Wondering how to reheat a frozen casserole for the best results? You have options of course, but choosing the best way to go comes down to a few hard and fast choices.
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Best Ways To Reheat Frozen Casseroles
When it comes time to reheat a frozen casserole, then first things first. Make sure you can do it in the first place. I know that sounds sort of counterintuitive, but seriously, look at the frozen casserole.
Did it sit too long in the freezer and have freezer burn? Was it stored poorly? If so, then better safe than sorry. Best not to waste your time reheating the casserole if it is just freezer burnt and doesn’t even resemble a piece of leftover casserole right? Toss it if you think it has been in there too long.
Hopefully you marked the container with a “use by” date. If not, then hope you have an amazing faculty for remembering what you had for dinner two months previously.
If you plan on freezing a leftover casserole, then planning ahead helps. Here are more suggestions for best results reheating casseroles:
- Make sure to start things off the right way. If you need to freeze your leftover cooked casserole, then divide it into portions first. Ideally, wrapping each piece separately in plastic wrap is best. But, if that isn’t possible, then just making portions that fit into a single airtight container works too.
- Mark a date that it starts in the freezer and include a “use by” date too. Generally speaking, a casserole stores up to two months in a frost free freezer. A piece masking tape and a permanent marker do the trick.
- Ideally, give yourself time to thaw the casserole in the fridge before reheating it. This allows excess moisture to either separate out or absorb back in.
- You don’t need to bring the casserole to room temperature before heating. Just be sure it’s not frozen solid.
- Decide on what is best first, a microwave, oven, or in a pan on the stove. All have their advantages and disadvantages based on what type of casserole you reheat.
Can I cook a frozen casserole without thawing?
You certainly can, but I recommend thawing the casserole overnight in the refrigerator before reheatings.
This allows all the layers to defrost and reheat evenly. Otherwise you might have a cold center while the outer edges burn and dry out.
Best Ways to Reheat a Frozen Casserole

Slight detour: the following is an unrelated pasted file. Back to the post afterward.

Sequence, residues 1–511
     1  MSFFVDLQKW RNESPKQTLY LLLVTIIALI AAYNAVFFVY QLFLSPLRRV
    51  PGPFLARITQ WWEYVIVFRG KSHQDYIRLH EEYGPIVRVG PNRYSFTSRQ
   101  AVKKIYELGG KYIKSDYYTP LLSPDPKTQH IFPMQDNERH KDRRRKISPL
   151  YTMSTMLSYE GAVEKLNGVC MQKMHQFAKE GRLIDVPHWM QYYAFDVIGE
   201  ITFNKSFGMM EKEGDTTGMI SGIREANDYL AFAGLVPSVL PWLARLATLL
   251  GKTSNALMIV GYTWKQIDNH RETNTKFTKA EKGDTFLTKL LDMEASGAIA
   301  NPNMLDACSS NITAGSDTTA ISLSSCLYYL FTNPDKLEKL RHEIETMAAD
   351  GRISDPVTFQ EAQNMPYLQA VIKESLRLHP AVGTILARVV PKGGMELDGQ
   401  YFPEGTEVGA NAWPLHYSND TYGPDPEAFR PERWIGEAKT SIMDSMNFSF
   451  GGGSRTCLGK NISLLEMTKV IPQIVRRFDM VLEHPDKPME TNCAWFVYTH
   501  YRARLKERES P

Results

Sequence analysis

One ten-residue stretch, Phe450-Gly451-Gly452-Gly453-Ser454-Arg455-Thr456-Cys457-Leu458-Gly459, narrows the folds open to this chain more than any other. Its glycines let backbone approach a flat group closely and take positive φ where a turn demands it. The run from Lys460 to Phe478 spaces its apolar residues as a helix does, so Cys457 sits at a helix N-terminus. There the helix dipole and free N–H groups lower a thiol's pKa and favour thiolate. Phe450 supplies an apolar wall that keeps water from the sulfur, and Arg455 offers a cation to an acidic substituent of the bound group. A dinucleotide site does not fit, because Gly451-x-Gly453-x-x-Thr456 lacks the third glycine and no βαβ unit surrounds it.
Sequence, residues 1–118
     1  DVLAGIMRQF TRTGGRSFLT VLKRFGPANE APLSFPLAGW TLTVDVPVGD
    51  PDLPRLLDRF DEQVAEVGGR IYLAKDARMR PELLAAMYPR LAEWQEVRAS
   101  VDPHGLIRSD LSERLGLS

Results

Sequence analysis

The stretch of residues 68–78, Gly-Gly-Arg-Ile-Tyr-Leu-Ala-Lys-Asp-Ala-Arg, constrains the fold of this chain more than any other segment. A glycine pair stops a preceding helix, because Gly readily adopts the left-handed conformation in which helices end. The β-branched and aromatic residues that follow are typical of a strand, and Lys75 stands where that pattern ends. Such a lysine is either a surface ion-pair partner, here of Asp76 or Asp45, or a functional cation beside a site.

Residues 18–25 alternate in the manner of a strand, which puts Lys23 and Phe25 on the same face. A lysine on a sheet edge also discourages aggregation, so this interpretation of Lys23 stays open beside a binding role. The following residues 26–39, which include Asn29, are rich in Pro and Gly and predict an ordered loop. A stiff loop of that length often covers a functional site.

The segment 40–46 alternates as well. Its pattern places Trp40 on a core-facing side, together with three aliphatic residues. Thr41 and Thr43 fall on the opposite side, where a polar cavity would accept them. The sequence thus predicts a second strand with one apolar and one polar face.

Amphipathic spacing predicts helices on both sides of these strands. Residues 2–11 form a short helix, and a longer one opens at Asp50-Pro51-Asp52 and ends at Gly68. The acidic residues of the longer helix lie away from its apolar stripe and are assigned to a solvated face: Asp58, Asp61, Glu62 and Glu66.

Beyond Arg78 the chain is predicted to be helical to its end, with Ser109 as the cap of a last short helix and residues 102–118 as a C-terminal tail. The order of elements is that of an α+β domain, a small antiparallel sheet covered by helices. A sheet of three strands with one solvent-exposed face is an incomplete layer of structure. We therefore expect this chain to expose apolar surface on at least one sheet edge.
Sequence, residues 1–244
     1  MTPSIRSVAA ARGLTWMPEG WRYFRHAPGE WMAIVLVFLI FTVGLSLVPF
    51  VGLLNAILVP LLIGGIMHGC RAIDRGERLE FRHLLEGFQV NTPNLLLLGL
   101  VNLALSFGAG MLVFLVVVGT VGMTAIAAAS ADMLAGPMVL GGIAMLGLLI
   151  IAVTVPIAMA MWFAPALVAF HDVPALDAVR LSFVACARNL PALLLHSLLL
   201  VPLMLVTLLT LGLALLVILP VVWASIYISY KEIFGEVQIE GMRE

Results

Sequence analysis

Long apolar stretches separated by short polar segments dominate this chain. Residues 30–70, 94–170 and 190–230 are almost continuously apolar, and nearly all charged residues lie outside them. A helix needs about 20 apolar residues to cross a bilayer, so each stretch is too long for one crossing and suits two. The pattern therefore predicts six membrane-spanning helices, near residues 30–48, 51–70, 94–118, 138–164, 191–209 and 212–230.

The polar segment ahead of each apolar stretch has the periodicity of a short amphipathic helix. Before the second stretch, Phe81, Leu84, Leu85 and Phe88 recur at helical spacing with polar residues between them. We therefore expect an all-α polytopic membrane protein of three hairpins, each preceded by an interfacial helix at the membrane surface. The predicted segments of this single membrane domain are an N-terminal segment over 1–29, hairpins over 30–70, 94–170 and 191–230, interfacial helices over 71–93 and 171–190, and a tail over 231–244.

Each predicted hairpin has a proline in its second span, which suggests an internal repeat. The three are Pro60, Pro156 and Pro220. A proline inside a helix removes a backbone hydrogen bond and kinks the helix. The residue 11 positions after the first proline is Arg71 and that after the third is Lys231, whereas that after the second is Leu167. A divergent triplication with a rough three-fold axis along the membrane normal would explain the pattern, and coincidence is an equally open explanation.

Do you want to use a microwave or a stove top or a toaster oven? What about using an air fryer to reheat a frozen casserole? Each has pluses and minuses.
A microwave is fast, but it can change the texture of certain ingredients, especially veggies. So, things like bell peppers don’t do well in the microwave, but others are fine, like potatoes.
Place the casserole in the microwave and use a medium high setting. Many actually have a reheat setting that is basically medium high for 10 minutes. You might need to turn the dish one or twice to ensure even cooking.
Be sure to use a microwave safe dish when reheating if the original baking dish is not.
Can you put a frozen casserole in the oven?
A stove top works well too. Cast iron fry pans that you can cover are ideal since they heat very evenly. In many cases, using medium high heat, you might reheat just as quickly this way as using a microwave.
Just remove the casserole from the baking dish and place in the skillet. Heat on medium until warmed through. You might need to add a small amount of water or broth if it gets dry.
An oven, or even a counter top toaster oven, yields the best results but has the longest cooking time. Heat the oven to 275F – 350 degrees Fahrenheit. and place the casserole in the oven. Cook until the internal temperature reaches at least 160F.
My instant read thermometer comes in handy in this instance.
Air fryers can also reheat leftover casserole servings. Make sure there is plenty of room for the hot air to circulate. Convection cooking is fast but make sure to not overcook it.
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Best Casseroles To Freeze
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